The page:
“Necesito refrescar este seco corazón, sediento de ti! Sumergeme… sumergeme…”
The music swelled and I rock back and forth praying, as church attendees line up to receive communion. Eventually I join them, streaming up the aisle toward my mentor holding the bread, the teaching pastor holding the cup. I intentionally look my mentor and pastor in the eye, reminded that I need community.
Regardless of how different we are from one another we bring all of our humanness (our clothing styles and languages, our values and experiences) to the feet of Jesus to be reconciled — to him and to each other. Jesus came to make us fully human, not colorblind and cultureless.
As I worship and read the Bible in new ways, I see a fuller picture of who God is. God may be a God of order but he’s not necessarily as time-oriented as I am — I would imagine he delights in church services that go “overtime” (as ours often do).
- I’ve danced the Cupid Shuffle until my legs felt like jello and my heart burst with joy.
- I’ve woken at 2am to drive youth safely home from a party.
- I’ve helped high school seniors write essays and apply to college.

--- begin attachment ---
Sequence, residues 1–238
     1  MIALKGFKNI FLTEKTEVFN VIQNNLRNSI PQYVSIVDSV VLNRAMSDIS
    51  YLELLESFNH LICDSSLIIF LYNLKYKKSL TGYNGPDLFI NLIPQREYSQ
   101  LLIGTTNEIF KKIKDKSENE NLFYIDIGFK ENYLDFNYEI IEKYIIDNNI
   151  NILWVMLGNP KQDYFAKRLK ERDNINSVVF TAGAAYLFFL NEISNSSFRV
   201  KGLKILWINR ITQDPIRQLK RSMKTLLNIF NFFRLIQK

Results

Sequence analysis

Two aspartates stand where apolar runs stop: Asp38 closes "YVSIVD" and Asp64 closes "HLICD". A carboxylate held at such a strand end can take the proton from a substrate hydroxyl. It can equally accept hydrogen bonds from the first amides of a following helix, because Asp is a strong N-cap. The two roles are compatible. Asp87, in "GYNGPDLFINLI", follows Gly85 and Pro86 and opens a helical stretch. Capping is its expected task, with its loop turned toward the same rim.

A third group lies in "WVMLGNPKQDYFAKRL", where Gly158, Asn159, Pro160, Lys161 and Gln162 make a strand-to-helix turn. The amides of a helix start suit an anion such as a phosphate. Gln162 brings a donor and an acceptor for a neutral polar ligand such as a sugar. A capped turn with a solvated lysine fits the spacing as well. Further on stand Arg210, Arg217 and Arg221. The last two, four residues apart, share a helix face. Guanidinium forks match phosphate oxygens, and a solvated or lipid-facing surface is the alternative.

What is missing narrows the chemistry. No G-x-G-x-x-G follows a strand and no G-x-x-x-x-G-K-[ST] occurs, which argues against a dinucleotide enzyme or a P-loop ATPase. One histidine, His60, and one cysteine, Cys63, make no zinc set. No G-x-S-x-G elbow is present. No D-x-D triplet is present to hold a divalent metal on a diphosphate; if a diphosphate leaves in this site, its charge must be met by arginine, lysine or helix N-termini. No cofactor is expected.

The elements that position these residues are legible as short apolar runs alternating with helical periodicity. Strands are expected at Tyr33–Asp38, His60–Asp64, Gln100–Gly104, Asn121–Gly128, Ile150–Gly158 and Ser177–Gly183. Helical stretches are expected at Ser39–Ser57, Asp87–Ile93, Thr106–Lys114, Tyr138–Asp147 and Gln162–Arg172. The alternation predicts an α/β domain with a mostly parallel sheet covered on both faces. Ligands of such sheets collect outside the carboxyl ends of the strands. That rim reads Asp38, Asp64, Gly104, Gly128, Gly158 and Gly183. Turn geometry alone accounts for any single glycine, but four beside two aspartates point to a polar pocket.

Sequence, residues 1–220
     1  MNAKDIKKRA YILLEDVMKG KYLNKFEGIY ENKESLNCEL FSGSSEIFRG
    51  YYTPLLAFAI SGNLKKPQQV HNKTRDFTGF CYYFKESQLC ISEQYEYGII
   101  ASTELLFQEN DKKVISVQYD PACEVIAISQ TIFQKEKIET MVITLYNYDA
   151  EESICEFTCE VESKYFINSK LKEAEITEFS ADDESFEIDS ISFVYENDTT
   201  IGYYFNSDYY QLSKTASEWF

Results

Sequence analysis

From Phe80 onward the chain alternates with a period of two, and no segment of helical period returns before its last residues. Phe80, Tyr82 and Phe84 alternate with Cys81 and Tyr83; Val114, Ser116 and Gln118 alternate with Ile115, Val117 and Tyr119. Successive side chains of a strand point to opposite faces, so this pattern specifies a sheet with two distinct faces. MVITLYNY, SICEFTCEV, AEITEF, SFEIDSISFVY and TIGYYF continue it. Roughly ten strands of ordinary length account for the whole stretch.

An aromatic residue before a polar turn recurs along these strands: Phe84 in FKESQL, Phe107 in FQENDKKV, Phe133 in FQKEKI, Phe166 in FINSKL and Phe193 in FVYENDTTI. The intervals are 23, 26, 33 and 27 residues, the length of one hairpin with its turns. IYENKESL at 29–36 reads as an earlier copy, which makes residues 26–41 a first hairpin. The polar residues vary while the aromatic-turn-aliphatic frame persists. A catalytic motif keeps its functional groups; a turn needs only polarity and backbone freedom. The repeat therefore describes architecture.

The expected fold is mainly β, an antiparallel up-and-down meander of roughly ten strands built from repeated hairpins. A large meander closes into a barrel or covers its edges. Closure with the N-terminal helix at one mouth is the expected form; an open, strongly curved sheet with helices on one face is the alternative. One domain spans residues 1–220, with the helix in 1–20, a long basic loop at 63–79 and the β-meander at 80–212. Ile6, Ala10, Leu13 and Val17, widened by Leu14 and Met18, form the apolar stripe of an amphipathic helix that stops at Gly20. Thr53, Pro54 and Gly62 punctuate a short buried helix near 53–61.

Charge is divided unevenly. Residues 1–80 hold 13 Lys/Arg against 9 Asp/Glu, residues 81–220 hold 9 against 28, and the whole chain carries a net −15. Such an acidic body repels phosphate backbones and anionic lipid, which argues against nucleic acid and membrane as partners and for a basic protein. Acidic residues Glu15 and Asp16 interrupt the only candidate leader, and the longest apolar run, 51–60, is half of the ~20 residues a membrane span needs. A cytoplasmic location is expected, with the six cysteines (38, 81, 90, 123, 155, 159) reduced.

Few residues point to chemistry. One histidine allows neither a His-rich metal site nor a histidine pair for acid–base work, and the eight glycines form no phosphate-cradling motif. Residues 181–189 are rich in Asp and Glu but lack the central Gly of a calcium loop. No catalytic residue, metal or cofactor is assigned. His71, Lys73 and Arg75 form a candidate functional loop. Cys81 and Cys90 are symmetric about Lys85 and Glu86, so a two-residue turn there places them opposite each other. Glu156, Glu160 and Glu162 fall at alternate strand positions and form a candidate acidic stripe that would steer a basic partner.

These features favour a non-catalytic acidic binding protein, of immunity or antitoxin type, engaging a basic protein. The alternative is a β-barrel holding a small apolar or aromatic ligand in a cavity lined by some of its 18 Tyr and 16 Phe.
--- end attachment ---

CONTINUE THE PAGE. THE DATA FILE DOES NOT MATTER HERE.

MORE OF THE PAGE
- I’ve witnessed physical healings and financial miracles.
- I’ve counseled teen girls through abortions, miscarriages, and births.
- I’ve watched silent junior highers find their voice and angry high schoolers exude peace.
- I’ve seen broken families restored, and I’ve restored relationships with my family.
I never found the financial security and esteem of a nursing job. Instead I devote myself to the department that started me on this journey. What I once perceived as loss I now view as gain: I’ve been given a worldview that has transformed my life. My community’s joy and pain is my joy and pain. Our futures are bound up in each other’s; we rise and fall together. I’ve given much, but I’ve received more.
My community makes me fully human.
Want to learn more? Ask Alicia, who will be joining us in the comments, your questions.
Read more from these three resources Alicia highly recommends:
Being White: Finding Our Place in a Multi-Ethnic World by Doug Schaupp and Paula Harris
The Upside-Down Kingdom by Donald B. Kraybill
The Danger of a Single Story TED Talk by Chimamanda Adichie (Jonalyn loved this talk!)
Alicia Miller recently discovered that she’s more creative than she thought. She loves Thai food, reading, and having conversations about ethnicity, gender and other aspects of being human. She is a student at Talbot Seminary and works in Multi-Ethnic Programs & Development at Biola University. Read more of her work at aliciammiller.com